First there was a story in the British publication, House & Home that featured a Paris pied-a-terre.
The designer talked about how it was fashioned to express the French love of style and culture. How the owner was passionate about having “a mix of soothing colours” and “bold statements of personality.”
The owner was barely 30 years old. He made his zillions in “technology integration.”
The designer notes that owner was a bit of a geek, but valued the richness of French Culture even spending two years studying Parisian literature written during the French Revolution.
Right now I am sitting in a coffee house in Atlanta that is located right in the middle of a Millennial lifestyle group called “Young Digerati.”
The Claritas PRIZM cluster, "Young Digerati" is described as “affluent, highly-educated and digitally-connected.”
Its description goes on the say Young Digerati folk are into yoga clubs, clothing boutiques, local antiques and flea markets, home décor, juice bars, coffee houses and microbrews.
No question that the tech-heads have their own unique set of social skills.
They are drawn to the indie coffee houses. They purchase the organic, politically correct and local coffee blends. They have the cream foam crafted to look like flowers or birds. They sip their coffee in groups.
But once seated, instead of talking with one another, as a communal group they interact with one another plus their other friends on social media.
High Tech… High Touch… even when they leave home for the office…
A front-page story on this morning’s Wall Street Journal is titled, “Restrooms Get a Makeover.”
The article is all about how office restrooms are transforming quickly into “centers of retreat” complete with areas to relax, listen to music, watch nature videos and converse.
There is a picture that features a women’s restroom in a WeWorks co-working space. A spokesperson from WeWorks describes how staff now takes possible co-workers into the restrooms after showing them the high-tech conference rooms.
And… the restrooms are now what sells the co-workers on making WeWorks there offie destination.
Airbnb is featured in the WSJ article with its installation of forest-themed restrooms with tree stumps and the sounds of crickets chirping at its San Francisco headquarters.
In Airbnb’s Portland office, the men’s room is retro-videogame themed with stations where guys can play Pac-Man and Mario Bros. arcade game.
The West Coast is high-tech haven and just a tad… a tad… out there.
The article also notes a Raleigh North Carolina marketing firm using more than 20,000 pennies to create custom tile for the restroom floors. All the coins have been installed heads-up except for one.
Apparently, new employees are given a bonus if they can find the one coin that is not heads-up. My bet is that the new employees might not be that time-efficient in actually doing the work they were hired to do.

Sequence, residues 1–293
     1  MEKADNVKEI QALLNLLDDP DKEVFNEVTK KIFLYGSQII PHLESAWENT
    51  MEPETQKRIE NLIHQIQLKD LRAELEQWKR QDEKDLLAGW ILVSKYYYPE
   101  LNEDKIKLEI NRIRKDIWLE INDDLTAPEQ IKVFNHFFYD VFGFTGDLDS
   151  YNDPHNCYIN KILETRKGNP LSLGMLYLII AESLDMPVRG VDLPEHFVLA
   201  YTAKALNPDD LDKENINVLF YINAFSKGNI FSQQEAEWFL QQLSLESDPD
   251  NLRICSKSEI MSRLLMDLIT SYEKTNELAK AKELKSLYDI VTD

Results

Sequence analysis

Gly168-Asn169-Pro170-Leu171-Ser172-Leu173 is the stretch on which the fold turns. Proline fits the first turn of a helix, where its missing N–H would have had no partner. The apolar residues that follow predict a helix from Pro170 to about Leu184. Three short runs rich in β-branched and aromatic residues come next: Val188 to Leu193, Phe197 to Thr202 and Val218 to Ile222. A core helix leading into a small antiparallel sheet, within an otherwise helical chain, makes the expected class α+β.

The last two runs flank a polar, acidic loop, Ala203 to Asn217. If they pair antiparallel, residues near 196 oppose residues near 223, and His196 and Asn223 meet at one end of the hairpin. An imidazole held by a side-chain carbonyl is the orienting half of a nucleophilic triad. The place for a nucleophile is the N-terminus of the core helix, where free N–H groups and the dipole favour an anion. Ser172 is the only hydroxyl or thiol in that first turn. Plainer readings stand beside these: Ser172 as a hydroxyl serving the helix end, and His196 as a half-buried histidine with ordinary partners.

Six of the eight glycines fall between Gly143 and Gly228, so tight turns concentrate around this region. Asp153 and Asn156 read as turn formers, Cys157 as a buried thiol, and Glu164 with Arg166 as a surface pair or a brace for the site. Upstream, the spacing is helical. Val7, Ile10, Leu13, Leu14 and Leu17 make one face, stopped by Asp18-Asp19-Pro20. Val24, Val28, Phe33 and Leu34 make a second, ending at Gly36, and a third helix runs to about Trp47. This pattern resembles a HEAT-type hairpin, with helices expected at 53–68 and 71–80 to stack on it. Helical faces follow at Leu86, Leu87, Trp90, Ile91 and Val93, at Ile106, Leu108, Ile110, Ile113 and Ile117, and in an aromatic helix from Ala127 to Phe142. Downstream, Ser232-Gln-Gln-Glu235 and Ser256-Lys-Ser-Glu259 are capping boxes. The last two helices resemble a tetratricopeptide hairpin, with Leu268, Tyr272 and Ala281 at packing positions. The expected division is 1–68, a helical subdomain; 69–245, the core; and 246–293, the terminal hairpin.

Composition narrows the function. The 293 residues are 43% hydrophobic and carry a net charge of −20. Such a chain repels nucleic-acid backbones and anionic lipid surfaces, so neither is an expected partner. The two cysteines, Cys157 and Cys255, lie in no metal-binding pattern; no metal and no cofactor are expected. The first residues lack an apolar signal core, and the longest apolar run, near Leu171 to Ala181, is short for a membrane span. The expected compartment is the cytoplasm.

There was an article earlier this week about how the grocery stores are dashing quickly into the digital order online and drive-up to get the orders.
Article after article… stat after stat… shows that few of the programs are actually netting dollars in the red and most of the retailers doing it are not just losing money, but are losing a lot of money.
Ace is the place with the helpful hardware man.
Ace is also the place that draws in the techie Millennials because they can interact with a human being that cares vs. going to a Big Box home store with self-checkout lanes only.
Every day I hear more and more and more and more and… about digital, digital, digital, digital.
Just as the press has it engrained in their headsets that Trump will not last through his first four years, the press has it equally engrained in their headsets that the Jetsons world of automatic cars and self-cooking kitchens is going to be reality in the next few years.
Unfortunately seeing the world through Manhattan, DC and the West Coast does not provide the most accurate portrayal of not just American society, but the techies too!
There are brands that do get it.
Maybe first in line is Apple. Check out the TV ad running right now about Apple Security.
As much as Airbnb has gone a bit overload on the design of their restrooms, if you have not used Airbnb for travel bookings lately, take a look at the website. It is way more High Touch than you might think.
I used to own a MINI back 10 years ago. Not like I am a High Tech genius, but I do interact a lot with digital literally… with stats and numbers.
I purchased the MINI because it was hip and cool. I have yet to see a MINI ad that promotes its High Tech equipment... but whether I am in Atlanta or San Fran or Austin or LA, I see a lot of the techie geeks driving MINIs.
My fun car today is a 2003 VW Beetle convertible. Other than power windows, there is no digital anything on that “fun car.”
I write these blog-posts NOT to have answers… but more so to stimulate thinking and cause brand leadership to ponder as their models of assurance are disrupted.
I will end this post with a line I have myself saying over and over and over again to our partners and clients.
The Millennials are literally driving the marketplace right now as they couple, purchase their nests and begin birthing kids.
Will we experience a repeat of the same market dynamics of the 70s and 80s and Boomers did the same thing? Nope.
Will we witness a shift of everything to high tech and digital embodied in everything from app-only banking to self-driving cars to online purchases with drone delivery to face-time and texting replacing true face-to-face? Absolutely not.
I may not have all the answers of what will unfold, but I will place $100 bet that human in-person interaction, expressions of creativity and the arts, personalization of design and style, customization of products further made-by-hand and good home-cooked food made from scratch is going to explode!